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The learning curve shows the relationship between labour cost and additional units
of output. It slopes downwards indicating that the additional cost per unit declines
as the level of output increases because workers improve with practice. The
reduction in cost from this particular source of improvement is often referred as the
learning curve effect.

As firms gains experience in the production of commodity or service, their average

cost of production usually declines. The LEARNING CURVE shows the decline in the
average input cost of production with rising cumulative total outputs overtime. For
example, it might take 1000hrs to assemble the 100th aircraft but only 100hrs to
assemble 200th aircraft because managers and workers more efficient as they gain
experience in the production. On the other hand, economies of scale refers to
declining average cost as the firm's output per unit period increases.


The learning curve is explained in figure, it indicates that the average cost declines
from Rs.60 for producing the 100th unit of production at the point A, to about Rs.45
for producing 200th unit at point B, to about Rs.35 for producing 400th unit at point
C. It can be observed that the average cost is declining at a decreasing rate. The
usual shape of learning curve is that it is convex to the origin because firms usually
achieve the largest decline in average input costs when the production process is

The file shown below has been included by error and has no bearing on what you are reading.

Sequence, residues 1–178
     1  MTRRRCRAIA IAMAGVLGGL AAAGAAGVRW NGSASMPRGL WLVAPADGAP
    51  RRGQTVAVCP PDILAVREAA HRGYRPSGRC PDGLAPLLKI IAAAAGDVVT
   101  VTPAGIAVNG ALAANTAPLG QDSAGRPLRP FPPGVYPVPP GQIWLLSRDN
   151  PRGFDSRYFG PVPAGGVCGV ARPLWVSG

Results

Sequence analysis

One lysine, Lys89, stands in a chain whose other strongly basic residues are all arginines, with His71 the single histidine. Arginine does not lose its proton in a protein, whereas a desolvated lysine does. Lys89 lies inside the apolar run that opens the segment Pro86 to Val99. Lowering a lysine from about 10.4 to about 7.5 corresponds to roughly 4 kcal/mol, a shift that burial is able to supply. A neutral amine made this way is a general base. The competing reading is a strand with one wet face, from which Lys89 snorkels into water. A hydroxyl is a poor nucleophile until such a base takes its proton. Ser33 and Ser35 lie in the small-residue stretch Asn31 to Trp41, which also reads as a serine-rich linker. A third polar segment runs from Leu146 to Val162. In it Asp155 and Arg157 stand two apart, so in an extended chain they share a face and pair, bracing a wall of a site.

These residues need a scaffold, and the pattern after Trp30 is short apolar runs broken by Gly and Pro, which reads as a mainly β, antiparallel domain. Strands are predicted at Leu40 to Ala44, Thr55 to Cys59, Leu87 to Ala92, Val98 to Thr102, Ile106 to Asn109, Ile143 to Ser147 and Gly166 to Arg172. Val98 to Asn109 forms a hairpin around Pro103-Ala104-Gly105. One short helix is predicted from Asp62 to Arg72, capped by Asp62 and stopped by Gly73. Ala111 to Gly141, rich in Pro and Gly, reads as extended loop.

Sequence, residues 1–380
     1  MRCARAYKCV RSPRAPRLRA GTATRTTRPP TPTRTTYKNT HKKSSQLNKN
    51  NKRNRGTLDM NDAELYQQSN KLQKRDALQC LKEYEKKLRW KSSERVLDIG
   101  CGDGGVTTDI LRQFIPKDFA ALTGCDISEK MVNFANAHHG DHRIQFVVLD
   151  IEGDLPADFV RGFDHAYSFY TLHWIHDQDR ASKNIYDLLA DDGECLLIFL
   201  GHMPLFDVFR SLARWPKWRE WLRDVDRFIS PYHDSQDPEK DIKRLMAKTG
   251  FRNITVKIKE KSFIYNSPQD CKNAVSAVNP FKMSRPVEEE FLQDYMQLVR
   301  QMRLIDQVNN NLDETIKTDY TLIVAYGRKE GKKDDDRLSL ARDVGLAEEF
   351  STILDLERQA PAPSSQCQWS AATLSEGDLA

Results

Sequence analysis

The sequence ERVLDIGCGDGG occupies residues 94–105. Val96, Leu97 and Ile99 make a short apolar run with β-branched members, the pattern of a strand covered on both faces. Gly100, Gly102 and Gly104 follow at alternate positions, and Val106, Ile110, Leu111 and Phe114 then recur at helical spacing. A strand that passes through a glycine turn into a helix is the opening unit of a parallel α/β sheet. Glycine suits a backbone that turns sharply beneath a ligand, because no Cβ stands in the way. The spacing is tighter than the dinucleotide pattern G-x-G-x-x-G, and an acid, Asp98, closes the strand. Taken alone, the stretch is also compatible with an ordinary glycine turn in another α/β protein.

relatively new and less as the firm matures.

Learning curves have been cited in many manufacturing and service sectors,
ranging from the manufacturing of airplanes, appliances, shipbuilding and so on.
They have also been used to forecast the needs for personnel, machinery and raw-
materials and for scheduling production, determining the price at which to sell
output and even for calculating supplier's price quotations. For example, the
JAPANESE have used the learning curve in driving down costs. This is clearly shown
in their computer chips and consumer electronics. The use of learning curve
involves accelerating production experience through aggressive price cutting
measures. They believed that the price cuts will increase sales which will increase
its cumulative output rapidly and thereby benefit from learning by doing. This in
turn help to bring down costs of production faster.

The reason given for the learning curve effect was the repetition of tasks performed
by workers actually manufacturing the product. Later on the experience gained
from repetition by those indirectly related to the production process was also
included in this phenomenon. Thus, factors such as the development of new process
and engineering methods, the substitution of lower cost materials or processes and
product redesign were consider as causing unit costs to fall as production levels
increased. The recognition of these additional factors has led to the use of the
broader term experience curve. Today, the terms experience curve and the learning
curve are generally used interchangeably. However, some business managers and